Sustainability Series: Amy’s Kitchen
July 26, 2009
How does your business define sustainability?
We are a family run business, named after our daughter. So we think a lot about the next generation to come. For Amy’s Kitchen, sustainability isn’t something that we define, it’s who we are. Our mission is to make a broad selection of delicious vegetarian convenience food available to as many people as possible. One of the simplest, most powerful things that any of us can do to create a more sustainable planet is to reduce our consumption of meat products. Amy’s Kitchen makes that an easy and delicious choice.
Amy’s Kitchen also subscribes to a concept of sustainability that is well recognized within the organic agriculture community and revolves around the three pillars of being environmentally sound, economically viable, and socially and ethically just. We also believe in “living within the limits of nature” and in the U.N.’s description of “meeting one’s needs without compromising the ability of future generations to meet their needs.”
How are you incorporating sustainable practices into your business?
It happens with every meal we produce. The fastest and easiest way for humans to help reduce global warming is to simply reduce their consumption of meat, or to adopt a vegetarian lifestyle. Much of the harmful greenhouse gas that we need to reduce is caused by the industrial production of meat.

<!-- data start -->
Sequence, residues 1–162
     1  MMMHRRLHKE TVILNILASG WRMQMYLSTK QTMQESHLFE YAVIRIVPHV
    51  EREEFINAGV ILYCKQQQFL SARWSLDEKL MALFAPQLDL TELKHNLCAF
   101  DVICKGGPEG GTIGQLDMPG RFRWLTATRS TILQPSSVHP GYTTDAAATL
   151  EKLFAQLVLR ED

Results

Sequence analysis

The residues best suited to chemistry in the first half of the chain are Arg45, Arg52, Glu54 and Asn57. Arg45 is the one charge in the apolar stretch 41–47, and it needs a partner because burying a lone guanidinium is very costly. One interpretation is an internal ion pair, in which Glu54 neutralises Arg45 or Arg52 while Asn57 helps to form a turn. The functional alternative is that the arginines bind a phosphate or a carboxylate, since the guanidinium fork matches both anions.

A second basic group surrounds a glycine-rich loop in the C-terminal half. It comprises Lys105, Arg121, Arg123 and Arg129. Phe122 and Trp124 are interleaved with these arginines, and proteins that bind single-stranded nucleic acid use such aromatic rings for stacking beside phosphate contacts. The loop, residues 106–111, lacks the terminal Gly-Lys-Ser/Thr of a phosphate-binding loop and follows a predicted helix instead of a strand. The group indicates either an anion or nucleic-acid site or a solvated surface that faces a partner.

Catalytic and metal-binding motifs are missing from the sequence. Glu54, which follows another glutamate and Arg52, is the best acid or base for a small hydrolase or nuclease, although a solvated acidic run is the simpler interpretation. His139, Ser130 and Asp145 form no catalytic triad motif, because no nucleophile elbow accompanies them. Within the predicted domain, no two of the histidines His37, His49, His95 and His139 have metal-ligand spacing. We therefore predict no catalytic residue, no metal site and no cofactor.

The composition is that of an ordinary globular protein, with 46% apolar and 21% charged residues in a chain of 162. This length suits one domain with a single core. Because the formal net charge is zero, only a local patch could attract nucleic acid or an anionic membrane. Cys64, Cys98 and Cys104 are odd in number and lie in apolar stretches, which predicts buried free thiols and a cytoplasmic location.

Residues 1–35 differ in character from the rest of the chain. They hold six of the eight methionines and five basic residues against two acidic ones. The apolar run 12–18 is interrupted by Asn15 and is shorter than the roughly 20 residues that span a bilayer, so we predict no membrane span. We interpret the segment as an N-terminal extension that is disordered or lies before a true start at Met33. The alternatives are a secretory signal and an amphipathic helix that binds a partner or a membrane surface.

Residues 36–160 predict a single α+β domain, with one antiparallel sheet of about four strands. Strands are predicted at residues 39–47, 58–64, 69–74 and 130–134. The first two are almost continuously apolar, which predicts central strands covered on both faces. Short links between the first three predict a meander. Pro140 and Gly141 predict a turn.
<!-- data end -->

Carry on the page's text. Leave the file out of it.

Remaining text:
In addition, Amy’s sustainable business practices include:
• Working with organic growers to encourage sustainable farming practices
• Using only non-GMO ingredients
• Recycling and conserving water in our manufacturing facilities
• Recycling waste paper products across our operations
• Converting to a “cool roof” in our production facilities
• Donating our vegetable scraps (over 740 tons last year) to local dairy farmers
• Working with PowerIt Solutions to create variable frequency drives for energy consumption management
For Amy’s it’s both a mix of long-established practices and the opportunities new technologies and design changes can provide.
What are your short term and long term goals?
Short term, some of our biggest challenges are in eco-friendly consumer packaging. We already do a great deal of recycling within our operations for paper, metal, plastics, etc. but there is always room for improvement.
Long term, we’d like to make our food available to as many people as possible in as many countries as we can. As we expand production into other areas of the country, and eventually the world, we’ll be able to reduce our reliance on fossil fuel intensive transportation services.
Where do you think you’ll have the biggest impact?
If the biggest measurable impact and concern is CO2 emissions and its effect on global warming, we believe that our dedication to organic agriculture and a vegetarian diet are the most significant contribution Amy’s Kitchen can make as a food manufacturing company.
We’ve noticed that more and more young people are enjoying a healthy lifestyle and they tell us that Amy’s Kitchen is a big part of their lives. We’ve always relied on word of mouth to spread our story and we see a growing legion of fans spreading the good news – eating vegetarian food doesn’t have to be boring. As we sell our products in more stores across the country, new customers are discovering our food every day. We see healthy people and a healthy planet as one and the same. Ultimately, that’s the best recipe for a sustainable future and that’s how we will make our biggest impact.